Psychiatrist Career And Employment Outlook

The role of the psychiatrists is to diagnose, treat, and prevent mental illnesses. A psychiatrist must stay up to date with the latest advances in the understanding of the underlying causes of mental illnesses and treatments. The job is best suited to individuals with high levels of compassion, understanding, and patience.

But anyone wishing to pursue a career in psychiatry must first complete a bachelor’s degree followed by four years of medical school. However, that is not the end of the path to a career in psychiatry.

After medical school, you are also required to enter a two-year residency program to earn your psychiatry degree. So basically you’d take about eight years to become a licensed practitioner. But is it worth the many years of training?

Employment Prospects

What are your employment prospects after gaining your qualifications? Well, according to the Bureau of Labor Statistics (BLS) there are currently around 24,060 psychiatrists that are a part of the labor force. Now that may sound like a small number, but that’s because it is compared to the 123.96 million people currently employed as full-time laborers.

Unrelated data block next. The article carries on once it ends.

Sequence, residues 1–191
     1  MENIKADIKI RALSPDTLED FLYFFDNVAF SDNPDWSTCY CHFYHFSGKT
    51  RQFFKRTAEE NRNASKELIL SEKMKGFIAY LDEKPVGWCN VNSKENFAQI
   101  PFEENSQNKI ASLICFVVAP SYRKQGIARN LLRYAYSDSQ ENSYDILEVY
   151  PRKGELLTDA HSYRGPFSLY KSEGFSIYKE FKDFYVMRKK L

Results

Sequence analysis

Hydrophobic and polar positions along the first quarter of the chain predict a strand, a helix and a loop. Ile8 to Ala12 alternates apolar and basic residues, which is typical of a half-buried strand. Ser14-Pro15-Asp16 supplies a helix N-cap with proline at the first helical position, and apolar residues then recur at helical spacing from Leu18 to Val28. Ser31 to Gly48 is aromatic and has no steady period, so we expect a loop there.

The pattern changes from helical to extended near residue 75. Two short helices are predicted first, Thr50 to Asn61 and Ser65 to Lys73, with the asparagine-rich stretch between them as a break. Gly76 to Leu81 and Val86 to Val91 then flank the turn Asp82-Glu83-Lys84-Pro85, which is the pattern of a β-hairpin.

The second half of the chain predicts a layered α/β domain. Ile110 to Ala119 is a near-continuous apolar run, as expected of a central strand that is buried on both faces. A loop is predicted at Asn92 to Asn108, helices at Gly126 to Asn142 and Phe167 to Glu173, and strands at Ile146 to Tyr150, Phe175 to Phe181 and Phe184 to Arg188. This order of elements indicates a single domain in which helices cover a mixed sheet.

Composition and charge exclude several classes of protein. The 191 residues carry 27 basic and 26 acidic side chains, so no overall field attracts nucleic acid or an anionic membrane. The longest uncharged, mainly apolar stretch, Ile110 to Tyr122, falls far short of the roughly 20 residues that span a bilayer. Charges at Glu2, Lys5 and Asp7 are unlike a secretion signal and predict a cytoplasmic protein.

The good thing is psychiatrists rank amongst the best-paid workers in the U.S. The average psychiatrist rakes in about $193,680 each year with government employees being paid the most, $210,810 annually. Salaries do, however, differ from state to state with Oregon, Minnesota, and New Jersey paying the highest wages to psychiatrists.

The BLS also states that employment within the field of psychiatry is expected to increase by 24% between 2010 and 2020, which is a much higher growth rate than the growth rate expected for other fields. This is mostly because more people are turning to psychiatrists to help resolve their issues. It also stems from a greater appreciation of the importance of mental health in a learning environment. But employment opportunities in schools are limited by their budgets.